For those of you who aren’t closely following the daily ebbs and flows in the ongoing culture wars, I envy you. Unfortunately, I regularly find myself analyzing the tit for tat engagements that are defining our cultural landscape and politics.

If you haven’t seen it, tennis great John McEnroe has recently stirred controversy after an interview he did with NPR. In that interview, after bringing up Serena Williams, the reporter asked McEnroe why he insists on referring to Serena Williams as the best female tennis player in the world. (Let’s just ignore the part where this same journalist recalled McEnroe’s career by referring to him as the best male tennis player in the world, but anyway)

McEnroe says Williams is the “best female player ever — no question.” He’s then asked why he needs to qualify that statement with a gender. “Well because if she was in, if she played the men’s circuit she’d be like 700 in the world.”

That particular sound bite of his interview has since gone on to the stratosphere of media outrage. Stephen Colbert immediately confronted McEnroe with “you can’t be serious” on his late show over the statement. A panel of CBS reporters tag teamed McEnroe to get him to apologize for saying something apparently so outrageous. Steadfastly, he has refused to apologize for his beliefs on the subject.

It’s critical to note that McEnroe didn’t say a woman could never be the best player in the world, he just said that Serena Williams is not. He in fact said that one day it is entirely possible a woman could be the best player in the world.

But what about that statement alone is so offensive? Why is this an issue at all?

It’s an issue because feelings, not facts, are dominating how we approach biological differences between men and women, and it prevents us from having an honest conversation about anything. People want to say Serena Williams is the best player in the world and attack those who disagree because it feels good to think so. McEnroe, who was at one point was quite literally the best player in the world, gives an opinion that she is not, one that is likely influenced by a lifetime of professional expertise in that sport, and many feel he must be confronted and forced to apologize for believing it.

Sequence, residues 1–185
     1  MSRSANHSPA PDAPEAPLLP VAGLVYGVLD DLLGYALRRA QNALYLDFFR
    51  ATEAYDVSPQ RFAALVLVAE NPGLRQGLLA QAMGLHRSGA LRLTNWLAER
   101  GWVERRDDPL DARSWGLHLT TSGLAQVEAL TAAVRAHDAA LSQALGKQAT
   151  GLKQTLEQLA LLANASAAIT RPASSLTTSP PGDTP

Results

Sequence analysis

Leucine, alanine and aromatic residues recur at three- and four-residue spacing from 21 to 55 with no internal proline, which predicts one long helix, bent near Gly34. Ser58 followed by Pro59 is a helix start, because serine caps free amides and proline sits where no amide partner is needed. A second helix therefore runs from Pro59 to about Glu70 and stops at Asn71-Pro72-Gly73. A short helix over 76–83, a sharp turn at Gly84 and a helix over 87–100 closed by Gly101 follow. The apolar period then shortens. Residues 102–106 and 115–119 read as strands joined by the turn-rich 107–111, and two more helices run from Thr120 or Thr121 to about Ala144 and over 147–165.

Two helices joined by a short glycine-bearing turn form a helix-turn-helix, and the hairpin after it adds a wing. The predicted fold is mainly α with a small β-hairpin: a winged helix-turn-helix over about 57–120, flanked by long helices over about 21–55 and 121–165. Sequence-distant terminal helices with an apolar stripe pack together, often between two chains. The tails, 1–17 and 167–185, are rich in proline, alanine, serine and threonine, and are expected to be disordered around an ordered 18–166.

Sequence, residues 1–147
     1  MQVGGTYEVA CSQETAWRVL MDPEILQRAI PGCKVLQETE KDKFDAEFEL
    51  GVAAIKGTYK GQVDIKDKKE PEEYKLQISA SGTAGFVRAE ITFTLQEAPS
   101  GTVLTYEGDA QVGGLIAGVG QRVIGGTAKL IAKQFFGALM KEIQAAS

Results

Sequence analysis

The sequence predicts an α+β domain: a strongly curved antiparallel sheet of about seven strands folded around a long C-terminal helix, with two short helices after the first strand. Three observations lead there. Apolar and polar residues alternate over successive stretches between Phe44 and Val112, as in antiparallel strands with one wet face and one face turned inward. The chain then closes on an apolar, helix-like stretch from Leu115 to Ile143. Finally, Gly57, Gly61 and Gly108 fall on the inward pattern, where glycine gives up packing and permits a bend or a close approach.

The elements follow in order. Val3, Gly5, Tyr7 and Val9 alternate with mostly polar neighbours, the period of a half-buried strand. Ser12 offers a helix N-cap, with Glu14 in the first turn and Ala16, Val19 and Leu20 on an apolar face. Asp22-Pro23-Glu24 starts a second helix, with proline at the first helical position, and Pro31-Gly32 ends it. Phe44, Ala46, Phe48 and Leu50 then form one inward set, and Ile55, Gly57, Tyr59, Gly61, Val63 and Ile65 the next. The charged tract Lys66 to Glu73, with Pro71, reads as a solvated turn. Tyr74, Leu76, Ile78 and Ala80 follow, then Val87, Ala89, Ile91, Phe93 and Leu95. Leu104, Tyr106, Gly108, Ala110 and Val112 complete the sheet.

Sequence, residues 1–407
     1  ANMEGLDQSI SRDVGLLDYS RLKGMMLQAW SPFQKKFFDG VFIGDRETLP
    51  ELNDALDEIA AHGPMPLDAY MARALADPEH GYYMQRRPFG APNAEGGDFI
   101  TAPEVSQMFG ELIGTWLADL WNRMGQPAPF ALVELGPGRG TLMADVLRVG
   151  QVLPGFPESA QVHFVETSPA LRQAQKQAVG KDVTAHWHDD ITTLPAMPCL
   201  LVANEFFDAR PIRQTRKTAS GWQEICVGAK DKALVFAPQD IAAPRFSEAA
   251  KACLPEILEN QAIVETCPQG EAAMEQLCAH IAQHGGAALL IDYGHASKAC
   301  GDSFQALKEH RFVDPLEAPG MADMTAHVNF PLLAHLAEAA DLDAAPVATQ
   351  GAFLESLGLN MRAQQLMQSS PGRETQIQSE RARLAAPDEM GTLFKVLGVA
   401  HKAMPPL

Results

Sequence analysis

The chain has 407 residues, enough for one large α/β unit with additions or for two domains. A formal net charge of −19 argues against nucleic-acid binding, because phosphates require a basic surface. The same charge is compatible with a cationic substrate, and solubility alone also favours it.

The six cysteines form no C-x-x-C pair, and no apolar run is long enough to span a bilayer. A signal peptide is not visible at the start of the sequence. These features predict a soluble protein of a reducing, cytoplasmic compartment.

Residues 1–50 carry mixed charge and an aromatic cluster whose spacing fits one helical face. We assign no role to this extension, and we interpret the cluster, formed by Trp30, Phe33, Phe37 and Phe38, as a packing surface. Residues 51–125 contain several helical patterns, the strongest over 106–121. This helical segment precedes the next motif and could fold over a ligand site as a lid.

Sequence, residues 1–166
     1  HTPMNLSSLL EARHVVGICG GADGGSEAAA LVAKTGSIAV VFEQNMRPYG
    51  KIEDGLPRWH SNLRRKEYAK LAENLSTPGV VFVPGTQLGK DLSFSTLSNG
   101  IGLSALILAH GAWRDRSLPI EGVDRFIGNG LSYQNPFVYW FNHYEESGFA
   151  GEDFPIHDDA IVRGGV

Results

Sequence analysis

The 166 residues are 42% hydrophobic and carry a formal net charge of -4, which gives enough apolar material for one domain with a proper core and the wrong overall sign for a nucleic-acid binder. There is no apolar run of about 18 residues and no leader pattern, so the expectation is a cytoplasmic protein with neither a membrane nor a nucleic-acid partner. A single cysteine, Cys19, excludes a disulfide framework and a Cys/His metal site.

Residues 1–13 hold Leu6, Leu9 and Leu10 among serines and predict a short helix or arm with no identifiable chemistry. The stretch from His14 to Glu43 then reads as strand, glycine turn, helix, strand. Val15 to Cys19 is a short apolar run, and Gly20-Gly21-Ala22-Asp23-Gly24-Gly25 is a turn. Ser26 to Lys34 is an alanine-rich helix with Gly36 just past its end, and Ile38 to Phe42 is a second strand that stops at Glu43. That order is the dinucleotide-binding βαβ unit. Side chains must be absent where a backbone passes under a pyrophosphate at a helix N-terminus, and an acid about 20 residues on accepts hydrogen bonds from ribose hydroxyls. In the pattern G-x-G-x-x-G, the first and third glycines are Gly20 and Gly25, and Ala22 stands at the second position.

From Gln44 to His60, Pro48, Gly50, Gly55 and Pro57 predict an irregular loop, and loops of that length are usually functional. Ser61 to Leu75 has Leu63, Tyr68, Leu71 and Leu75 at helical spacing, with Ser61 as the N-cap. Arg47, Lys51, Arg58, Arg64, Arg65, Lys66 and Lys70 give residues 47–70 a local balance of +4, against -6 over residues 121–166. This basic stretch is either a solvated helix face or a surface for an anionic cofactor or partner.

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McEnroe is objectively a master in his craft. He has accrued a level of knowledge and expertise found only in those who commit a lifetime to their respective professions. The forces who shape our collective understanding of issues: journalists, pundits, and others in the media are, objectively, nowhere close to that. Not even in the same universe. And perhaps should not even be offering their opinions on the subject at all. Yet they feel entitled to do so because there is an overarching cultural narrative bending us all towards the notion that we must pretend that men and women are equal in all regards, and even an opinion that they may not be is heresy.

Because this is an organization dedicated to special operations, intelligence, and military affairs, and we think critically about national security, I must relate this to our world, where the subject of men and women serving equally in certain military occupations has been a hotly contentious issue. I bring this McEnroe discussion into the fold because it’s important to acknowledge the cultural factors at work across society at large, which ultimately influence even the military.

I would argue that attacking someone for simply expressing an opinion, especially from someone who is an expert in their field, is a dangerous precedent. That sort of mentality seeps into all corners of our society, and the military is no exception. Setting conditions that make it impossible to have an honest conversation about physiologic differences between men and women, and how those differences have to be addressed, sets the military up for failure, especially at a critical time like now while we navigate the complexities of integrating men and women into roles previously reserved only for men.

Image courtesy of the Department of Defense